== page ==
We are open Friday, from 10 am to 6 pm, Saturday from 10 am to 5 pm, Sunday from 10 am to 3 and Tuesday through Thursday from noon to 5 pm. I am often here at other hours so call us at 413-397-3665 if you need something at times outside of our posted hours. Also, we are still more than happy to do curbside service if you prefer. Just give us a call or email email@example.com.
On August 8, FFF-certified casting instructor Jim Dowd will lead a free beginner’s casting clinic from 9 to 11 am. Please call or email to pre-register for the class, which is limited to 6 people.
Do you like watching hard-fighting fish destroy topwater flies? So do we.
Join us on Saturday, August 15, 2020, to learn more about fishing for smallmouth and largemouth bass. The Deerfield Fly Shop Bass Clinic will cover all aspects of fishing for these warmwater beasts–the perfect antidote to the mid-summer trout doldrums. The morning session will cover all the basics of fly fishing for bass, from habitat and behavior to the flies and gear you need to the techniques you will use getting the fly to the fish and the fish to the net. Then we will head outside where FFF certified casting instructor Jim Dowd will show us the primary casts you will want in your arsenal. Then it’s game on as we hit the water and put all this knowledge to use for a few hours.
Fee for the clinic is $150. Call the shop at 413-397-3665 or email firstname.lastname@example.org to reserve your spot now! The class will be limited to eight. DFS guide and proprietor of the Handmade Angler Jay Aylward and DFS owner Brian Comfort along with the aforementioned Jim Dowd will lead the clinic.
Not much to report since the last update as conditions remain similar and what’s needed to catch fish remains similar! We could use a bunch more rain and a break from this heat. But until then, early mornings and evenings remain your best bet for trout. I would also target faster moving water and deeper water.
The good news is larger attractor patterns are working, with Chubby Chernobyls, PMXs and Stimulators doing well along with Humpies, beetles and ants. Hatches have largely tapered off, though some evenings you may run into some sulphurs or smaller caddis and Isos are still around.
This is a good time of year to try tightline nymphing techniques as the trout tend to burrow down into deeper holes and faster water. They are still feeding on nymphs throughout the day but the takes can be very subtle. Tightline techniques will help you get your fly down to the fish and also register these soft takes. Jig style nymphs like Frenchie’s and Walt’s worms are designed to get down quick and dirty and the inverted hook decreases snags. We have a number of tightline nymphing rods available at the shop for FREE DEMOS. We have Echo’s top end Shadow X in a 10’6″ 3 weight and their mid-range Shadow II in a 10′ 2 weight and 10’6″ four weights. Stop in to pick one up for a day and give it a try on the river.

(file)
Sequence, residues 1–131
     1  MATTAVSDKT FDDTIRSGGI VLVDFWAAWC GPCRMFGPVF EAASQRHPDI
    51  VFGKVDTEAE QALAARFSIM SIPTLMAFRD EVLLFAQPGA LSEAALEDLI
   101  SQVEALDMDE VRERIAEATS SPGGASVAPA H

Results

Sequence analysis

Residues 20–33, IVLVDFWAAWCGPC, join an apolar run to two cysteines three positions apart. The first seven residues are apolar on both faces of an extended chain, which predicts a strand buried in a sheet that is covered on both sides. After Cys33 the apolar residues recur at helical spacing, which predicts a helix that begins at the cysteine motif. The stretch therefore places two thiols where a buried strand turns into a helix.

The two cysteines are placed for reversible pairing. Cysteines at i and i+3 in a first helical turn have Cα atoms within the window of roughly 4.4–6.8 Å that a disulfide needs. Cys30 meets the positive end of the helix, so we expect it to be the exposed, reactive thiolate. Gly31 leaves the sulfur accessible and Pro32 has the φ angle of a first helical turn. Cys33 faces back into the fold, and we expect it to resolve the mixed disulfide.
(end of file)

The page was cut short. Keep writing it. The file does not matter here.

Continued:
When the water is up on the Deerfield, try throwing some bigger streamers, both single hook and articulated. We stocked up on some great patterns from Rich Strolis at Catching Shadows that are proven big brown catchers. At lower water try smaller streamers like the single hook flies Rich tied for us or concentrate on the deeper holes with big flies. Sometimes you’ll find a nice surprise! As always with streamer fishing, vary your retrieve and mix up flies by size, profile and color until the fish tell you what’s working.
On the lower Deerfield and the Connecticut River, the smallmouth bass fishing continues to be solid. The topwater bite is going strong all day, but especially in the mornings and evenings. Largemouth fishing on area lakes and ponds also continues to be solid. We just received an assortment of poppers and sliders at the shop that will get the job done up top! Chartreuse has been a good color on these. We also have some Swingin’ Ds that will help you lure some monsters up from the deeper water around good structure. For other subsurface flies black has been a good color. All of the Catching Shadows streamers will work great on the bass too.
The carp fishing continues to excel, as anyone who follows Reece’s Instagram feed is well aware! Look for flats in the major rivers and try a fly like the Carpnasty or Montana’s Hybrid to get into these wily, hard-fighting fish.
I would avoid the Millers and Westfield right now for trout, unless you intend on keeping your catch. Water temperatures are too high for trout to survive catch and release fishing. The Millers has great smallmouth fishing throughout, and the lower Westfield also has decent smallie fishing.
The Swift is fishing well right now as it remains the coldest of our area rivers. Sulphurs are hatching in the evenings. During the day, eggs and worms can fool these selective trout as can beetles and ants.
Guided trips and lessons available. Call us at 413-397-3665 or email email@example.com.
Dries: Midges, tan and olive Caddis 14-16, BWO 16-20, Light Cahill 12-14, March Brown 12-14, Sulphurs 14-16, Humpies 10-12, Royal Wulffs 10-12, Stimulators 10-16, Yellow sallies 14-16, beetles, and ants.
Nymphs: Pat’s Rubber Legs, Golden or Black Terminator Stone 8-12, hares’ ears 12-18, Pheasant Tail Nymphs 12-18, Frenchies 12-16, Zug Bugs 12-14, Stalcup’s Gilled Nymph 14, Tan/Olive Mops, damselfly nymphs, Natural/Olive Caddis Pupae/Larvae 12-16, Red/Copper Johns 12-16, Sexy Walt 12-16.
Streamers: Woolly Buggers Olive/Black 6-10, White/Olive Sculpzilla 8,Bank Robber 2, Mini Headbangers, Alter Egos, Silly Rabbits, Complex Twist Bugger, Heisenberg Baby Bow/Cowboy/White 6, Sculpin Bunny, Black/Brown Rubber Bugger 4, Olive and Gold/White Mini Drunk & Disorderly.
Water release schedule for the next day is posted after 5pm. Check again before you head to the river. Minimum Flow 130 CFS (Cubic Feet/Second). Ideal for wading and Dry Fly Action. Normal Release 800-1,000 CFS